I moved away from Unity when the original company founders stepped down and they brought in the guy from Electronic Arts to run the company.
They jumped into “services” and cloud stuff while I felt the engine itself was becoming a secondary business.
I could bet Unity one day wouldn’t even focus on game development anymore so I left…
Before doing that, never in my life had I touched a line of C++ code so I downloaded Unreal (was subscription based back then) and started with Blueprints. 4 months learning the tools.
Then early 2015 I started diving in the c++ world of Unreal.
Got a new job after that, also helped some games ship doing freelance work and even went to work abroad a few times.
Then I thought would be nice to join the “Unreal Marketplace” as well, focused on ironing my recently acquired so called ‘c++ skills’ ha!
I began to publish plugins for Unreal somewhere in 2016.
And still doing so, several commercial games have made use of my plugins, several games for PC, Mobile, Switch, VR and PS4!
The plugins became my part-time second job. They make me push forward and keep learning the deep secrets Unreal hides, helping me improve as a coder.
With that, I can help developers to achieve their goals providing dedicated support every day when they are stuck in some process they find difficult.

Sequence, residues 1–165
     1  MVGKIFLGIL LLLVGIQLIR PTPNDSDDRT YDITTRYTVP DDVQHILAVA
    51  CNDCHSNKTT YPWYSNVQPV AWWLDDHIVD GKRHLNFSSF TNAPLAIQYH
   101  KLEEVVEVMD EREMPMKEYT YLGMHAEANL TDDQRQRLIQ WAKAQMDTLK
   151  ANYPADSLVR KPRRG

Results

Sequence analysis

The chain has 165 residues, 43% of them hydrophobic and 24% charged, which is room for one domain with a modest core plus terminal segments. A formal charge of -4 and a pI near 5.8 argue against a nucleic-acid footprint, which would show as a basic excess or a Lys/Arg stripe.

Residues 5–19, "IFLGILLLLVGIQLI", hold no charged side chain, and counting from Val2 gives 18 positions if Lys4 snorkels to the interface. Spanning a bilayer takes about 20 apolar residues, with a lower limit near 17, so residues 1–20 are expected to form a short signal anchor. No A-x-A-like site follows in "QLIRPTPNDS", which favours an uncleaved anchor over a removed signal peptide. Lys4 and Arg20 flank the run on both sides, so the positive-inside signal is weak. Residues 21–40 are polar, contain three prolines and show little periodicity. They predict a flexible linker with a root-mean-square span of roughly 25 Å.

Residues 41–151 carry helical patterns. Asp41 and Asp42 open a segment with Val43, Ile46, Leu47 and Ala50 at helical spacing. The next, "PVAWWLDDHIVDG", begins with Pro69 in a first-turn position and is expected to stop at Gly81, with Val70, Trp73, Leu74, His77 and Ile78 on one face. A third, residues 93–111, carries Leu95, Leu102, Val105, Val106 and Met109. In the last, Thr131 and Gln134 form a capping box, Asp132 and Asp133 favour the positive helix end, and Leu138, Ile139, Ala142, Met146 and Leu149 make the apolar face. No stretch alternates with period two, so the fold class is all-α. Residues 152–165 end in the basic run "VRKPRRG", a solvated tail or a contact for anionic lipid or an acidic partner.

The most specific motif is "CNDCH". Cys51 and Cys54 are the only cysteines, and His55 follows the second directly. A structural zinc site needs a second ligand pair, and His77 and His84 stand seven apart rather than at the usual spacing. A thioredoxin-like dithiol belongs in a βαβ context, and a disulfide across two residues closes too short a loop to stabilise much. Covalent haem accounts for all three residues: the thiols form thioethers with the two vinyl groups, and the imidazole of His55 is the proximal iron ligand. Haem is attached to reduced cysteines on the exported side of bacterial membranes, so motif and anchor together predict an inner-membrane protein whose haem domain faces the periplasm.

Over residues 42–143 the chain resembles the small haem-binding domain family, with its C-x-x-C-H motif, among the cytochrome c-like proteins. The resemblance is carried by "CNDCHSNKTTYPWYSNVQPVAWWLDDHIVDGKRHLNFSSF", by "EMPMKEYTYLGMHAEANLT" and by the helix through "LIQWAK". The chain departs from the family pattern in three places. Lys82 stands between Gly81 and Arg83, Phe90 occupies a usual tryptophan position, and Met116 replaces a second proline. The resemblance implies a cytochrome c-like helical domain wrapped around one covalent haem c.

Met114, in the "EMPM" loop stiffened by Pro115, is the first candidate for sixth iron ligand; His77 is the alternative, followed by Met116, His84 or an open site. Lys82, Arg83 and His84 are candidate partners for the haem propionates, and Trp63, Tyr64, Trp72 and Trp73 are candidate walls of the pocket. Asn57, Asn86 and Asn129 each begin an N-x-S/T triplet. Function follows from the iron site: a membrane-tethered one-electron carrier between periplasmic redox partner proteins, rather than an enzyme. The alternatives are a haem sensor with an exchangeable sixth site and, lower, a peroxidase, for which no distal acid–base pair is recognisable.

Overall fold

That makes me very proud of my work because I know I helped somebody to be successful while I build courage and expertise to one day publish my own Indie product [HR][/HR]
The “technical” side of things, well… I believe you must be patient with yourself and understand that “change is good!”
Be resilient, when the engine bites you (and it will) bite it back, don’t give up.
Understand that the people who created this software are million times smarter than you and me. Everything in there is there for a reason, specially when we can’t see where the reasoning is.
I bought and read (for real) ‘the c++ Bible’;
Honestly, that was useless. What really matters the most is to know the tools and how they work. Being a “C++ guru” won’t serve any purpose if I don’t know how engine architecture is meant to be used.
So I personally focus on being up to date with the tools the engine provides and “where can I find them and expand upon if needed, in engine source.”
I read engine source code. I do this a lot.
I think everybody should too. I feel like a monkey learning to talk, before having access to Unreal source I was just a monkey that thought I was very smart… Now I know I will never be THAT smart, but at least I’ve learned a word or two from the gods of programming